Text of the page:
Vietnam — History and Culture
There is evidence of life in Vietnam dating back to 20,000 BC, but the Hồng Bàng Dynasty was the first dynasty and many legends exist about it. The indigenous Đông Sơn culture that is prominent in the north, is very different than the Sa Huỳnh heritage in the south.
Vietnam has seen plenty of wars, starting all the way back in 111 BC when China’s Han Dynasty claimed the territory as its own. Vietnam remained under Chinese rule for 1,000 years. In 192 AD, the Champa took the southern portion of the country, which by the 10th century was completely split in half. Remnants of these people can still be seen in My Son and Hoi An today. In 930 AD, Ngo Quyen defeated the Han in the famous Battle of Bach Dang River, after which time the land came under rule of the Ngô Dynasty.
This is when Buddhism started to thrive in Vietnam and when it became the state religion. In 979 AD, the Lê Dynasty gained control and started to close in on the Champa in the south. When the last of the male blood line was depleted, the Lý Dynasty was nominated to take over. Vietnam flourished, triggering the beginning of the historical golden era.
Many great dynasties followed, until the Chinese Ming came into power in 1407. In 1428, they were defeated by the Lê Dynasty, who later conducted the invasion of Champa in 1471. From the 16th century onward, there was continuous civil unrest following the reign of the Mac Dynasty. Much of this was the result of rivalry between the Trịnh and Nguyễn families, with the Nguyễn ultimately winning power. They were the last to rule Vietnam, as the French arrived and made the territory part of French Indochina.
The French changed many things in Vietnam, influencing the culture, the architecture, the food, and the education system. They also developed the plantation economy. Yet, a national political movement was starting to appear and revolutionaries, including Ho Chi Minh, started fighting to regain control of the country.
The French remained in power until WWII when the Japanese invaded Indochina. In 1941, Ho Chi Minh moved to the north and started the Việt Minh Front. On August 19, 1945, the Việt Minh seized control of Hanoi, forcing the Japanese out, and the northern half of the country was renamed the Democratic Republic of Vietnam (DRVN). The southern half (State of Vietnam) was still under control of the Nguyễn Dynasty and the French.
On December 19, 1946, the first Indochina War began between the north and south. In 1954, the French were once again defeated and the Geneva Conference left Vietnam a divided country, with communism in the north and socialism, backed by the US, in the south. Ho Chi Minh and his government started to move in on the south, killing landowners and rebels along the way. This led to the second Indochina War (better known as the Vietnam War).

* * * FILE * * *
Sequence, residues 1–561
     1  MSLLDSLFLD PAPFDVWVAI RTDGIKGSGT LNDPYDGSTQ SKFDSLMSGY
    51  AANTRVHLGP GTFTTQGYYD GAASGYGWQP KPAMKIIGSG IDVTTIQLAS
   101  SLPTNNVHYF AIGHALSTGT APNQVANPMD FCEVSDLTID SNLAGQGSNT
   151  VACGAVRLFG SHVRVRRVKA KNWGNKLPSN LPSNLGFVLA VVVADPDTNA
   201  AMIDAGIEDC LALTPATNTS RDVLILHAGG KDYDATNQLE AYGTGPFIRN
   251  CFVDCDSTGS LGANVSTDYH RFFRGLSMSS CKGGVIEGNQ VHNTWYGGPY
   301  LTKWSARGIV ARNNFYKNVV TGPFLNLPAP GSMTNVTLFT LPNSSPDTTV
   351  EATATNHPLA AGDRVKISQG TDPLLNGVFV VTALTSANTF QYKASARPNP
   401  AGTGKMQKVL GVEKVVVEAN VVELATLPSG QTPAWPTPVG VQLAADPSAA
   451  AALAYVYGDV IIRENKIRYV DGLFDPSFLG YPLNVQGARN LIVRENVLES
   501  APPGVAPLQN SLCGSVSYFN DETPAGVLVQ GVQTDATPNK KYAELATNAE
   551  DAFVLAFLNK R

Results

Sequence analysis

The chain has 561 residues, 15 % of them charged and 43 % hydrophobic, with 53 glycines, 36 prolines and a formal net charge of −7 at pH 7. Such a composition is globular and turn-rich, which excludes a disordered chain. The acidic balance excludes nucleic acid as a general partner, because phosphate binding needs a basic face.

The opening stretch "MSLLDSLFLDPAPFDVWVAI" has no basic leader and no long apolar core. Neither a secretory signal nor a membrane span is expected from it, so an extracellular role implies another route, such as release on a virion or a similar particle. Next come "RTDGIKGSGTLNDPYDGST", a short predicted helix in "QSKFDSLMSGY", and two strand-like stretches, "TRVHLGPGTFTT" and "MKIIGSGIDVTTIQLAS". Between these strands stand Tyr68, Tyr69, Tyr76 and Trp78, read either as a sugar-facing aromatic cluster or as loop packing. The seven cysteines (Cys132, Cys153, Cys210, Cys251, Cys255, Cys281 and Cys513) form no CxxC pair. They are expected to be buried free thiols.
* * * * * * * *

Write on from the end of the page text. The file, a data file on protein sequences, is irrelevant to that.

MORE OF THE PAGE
The Vietnam War took place in Vietnam, Laos and Cambodia between November 1, 1955, and April 30, 1975, when Saigon finally fell to the North. The Soviet Union aided the communist north in strategic planning that led to the defeat of the south. Two years after the American troops left in response to the 1973 Paris Agreement, the South fell into the hands of communists and was finally defeated on April 30, 1975. One year later, Saigon was renamed Ho Chi Minh City. The leader died in September 1969, but his embalmed body can be seen in the Ho Chi Minh Mausoleum in Hanoi.
Vietnam’s culture focuses on humanity, harmony, family, and community values through music, art, dance, and literature. There are hints of French and American influence, but national symbols like dragons, turtles, bamboo, and lotuses are strictly Vietnamese and can be seen on many buildings and Buddhist temples throughout the country.
Art in Vietnam has been important since ancient times, with Chinese, Taoism, Buddhism, and Confucianism playing a part. The pottery and calligraphy is very Chinese in style, as is plenty of the old architecture. Dance took on another form, being molded by the country’s 54 different ethnicities. Each group has its own traditional performance, although the lion dance is the one most commonly seen at national festivals and celebrations. Music also varies throughout the region, but classical seems to be the oldest form. The Chinese also greatly influenced Vietnamese theater, with many shows based on Chinese opera. Water puppetry is authentic to Vietnam and has been since the 10th century. Hanoi’s Thang Long Water Puppet Theater is the best place to see this unique performance.